Brexit views: What should the outcome of talks between Sturgeon and Corbyn be?


The First Minister’s initial meeting with the UK Labour leader has been described as “constructive”, but it remains to be seen if a new direction for both their parties will emerge

FIRST MINISTER Nicola Sturgeon was in Westminster on Tuesday [20 November], meeting with UK Labour leader Jeremy Corbyn and Plaid Cymru’s Adam Price as part of an ongoing campaign to avoid a no-deal Brexit.

Sturgeon’s meetings occurred against a backdrop of growing uncertainty over whether Prime Minister Theresa May’s latest plan for leaving the EU – which has aroused furious opposition from both the Tory government’s allies in the Democratic Unionist Party and Remain-backing Conservative MPs – will successfully make it through parliament.

Sturgeon has described her meeting with Corbyn as taking place “in a positive spirit”, driven by a “unity of purpose” in voting down May’s proposed deal, and figuring out a “workable alternative.” However, details of what that alternative might involve have not yet emerged.

CommonSpace spoke to activists, experts and campaign groups to find out what final outcome they hope for in the aftermath of Sturgeon’s cross-party meetings.

Dr Craig Dalzell, Common Weal head of policy

“It’s difficult to imagine a time in modern UK politics where such a divided government has been matched by such an equally divided opposition. Any conciliation or consolidation between Sturgeon and Corbyn would therefore strengthen their respective hands greatly.

“However, it must be understood that the spectrum of people against Brexit is broad enough that the various factions (such as Scottish Nationalists, English pro-European liberals or Rees-Mogg style Brexiteers) are likely to be as opposed to each other as they are to Brexit itself so a broad coalition looks unlikely. The future is still looking decidedly unclear.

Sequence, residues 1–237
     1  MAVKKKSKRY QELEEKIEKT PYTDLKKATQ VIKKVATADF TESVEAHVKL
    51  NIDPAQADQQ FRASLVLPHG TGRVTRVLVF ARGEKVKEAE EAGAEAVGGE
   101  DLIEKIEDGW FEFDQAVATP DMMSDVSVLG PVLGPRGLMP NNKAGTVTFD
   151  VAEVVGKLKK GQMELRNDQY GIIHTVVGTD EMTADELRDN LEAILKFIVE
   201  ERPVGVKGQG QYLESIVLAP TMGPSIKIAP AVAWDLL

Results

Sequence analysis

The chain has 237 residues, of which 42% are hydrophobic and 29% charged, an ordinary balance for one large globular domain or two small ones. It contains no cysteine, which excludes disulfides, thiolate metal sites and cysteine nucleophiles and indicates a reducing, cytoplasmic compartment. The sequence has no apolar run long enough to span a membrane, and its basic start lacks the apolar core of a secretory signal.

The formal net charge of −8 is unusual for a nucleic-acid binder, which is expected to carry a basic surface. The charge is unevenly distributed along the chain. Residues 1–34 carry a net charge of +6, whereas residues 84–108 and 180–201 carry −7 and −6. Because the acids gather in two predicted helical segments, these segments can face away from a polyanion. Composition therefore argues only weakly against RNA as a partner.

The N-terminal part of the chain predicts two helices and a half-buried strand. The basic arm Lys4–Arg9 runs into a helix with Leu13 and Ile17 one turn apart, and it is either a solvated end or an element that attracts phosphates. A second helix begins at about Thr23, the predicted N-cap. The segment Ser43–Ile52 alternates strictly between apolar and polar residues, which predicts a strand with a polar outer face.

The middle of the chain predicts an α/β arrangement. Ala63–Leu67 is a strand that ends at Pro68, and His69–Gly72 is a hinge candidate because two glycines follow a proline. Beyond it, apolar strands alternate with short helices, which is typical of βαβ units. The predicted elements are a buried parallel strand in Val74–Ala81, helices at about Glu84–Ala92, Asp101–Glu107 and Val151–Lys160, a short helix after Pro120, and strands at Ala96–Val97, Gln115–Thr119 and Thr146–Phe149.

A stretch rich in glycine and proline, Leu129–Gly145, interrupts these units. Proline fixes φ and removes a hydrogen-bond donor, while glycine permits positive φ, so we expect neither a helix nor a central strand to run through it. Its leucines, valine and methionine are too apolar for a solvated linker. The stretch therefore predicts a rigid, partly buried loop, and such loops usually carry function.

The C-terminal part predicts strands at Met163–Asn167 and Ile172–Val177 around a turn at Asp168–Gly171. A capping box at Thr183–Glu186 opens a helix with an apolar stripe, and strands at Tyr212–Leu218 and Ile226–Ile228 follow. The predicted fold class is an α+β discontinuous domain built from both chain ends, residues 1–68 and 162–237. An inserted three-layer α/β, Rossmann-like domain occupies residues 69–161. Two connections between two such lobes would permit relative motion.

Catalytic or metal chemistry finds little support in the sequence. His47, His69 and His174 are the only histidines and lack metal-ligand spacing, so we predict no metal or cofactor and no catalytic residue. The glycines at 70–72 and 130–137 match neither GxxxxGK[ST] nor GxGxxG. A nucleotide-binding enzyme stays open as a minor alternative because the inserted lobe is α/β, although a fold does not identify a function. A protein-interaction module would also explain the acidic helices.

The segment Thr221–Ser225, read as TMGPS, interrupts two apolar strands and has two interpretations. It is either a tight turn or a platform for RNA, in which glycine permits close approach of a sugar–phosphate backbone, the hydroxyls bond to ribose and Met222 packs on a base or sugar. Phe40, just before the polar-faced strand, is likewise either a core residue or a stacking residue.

“There is certainly scope for Sturgeon and Corbyn to make initial agreements on how to handle a post- (or pre-) Brexit General Election. I wouldn’t expect anything so radical as a non-compete pact between the two parties during an election campaign, but current polls are hinting at the possibility that an electoral pact between the SNP and Labour may be required to form a government. This should be discussed and at least opened as a possibility.

“This would, of course, have significant implications for Scottish independence should the price of such a pact be the granting of a Section 30 order to allow a second independence referendum.”

Kirsty Haigh, Scotland organiser for Another Europe is Possible

“The Tories’ Brexit agenda is an attack on everyone – especially on the poor, on migrants and on workers – and we hope that the leaders of the two biggest UK opposition parties are meeting to plan a serious strategy for how to derail it.

“We need to kick the Tories out and get a government that works for everyone, but to make that work we also need to give the people a final say on Brexit. It’s clear that Brexit will lead to further deregulation of the economy, further destroy our public services, push us into dangerous trade deals, remove environmental regulation and harm our food supply. Both parties are clear that a public vote is on the table – now we need them to campaign for it.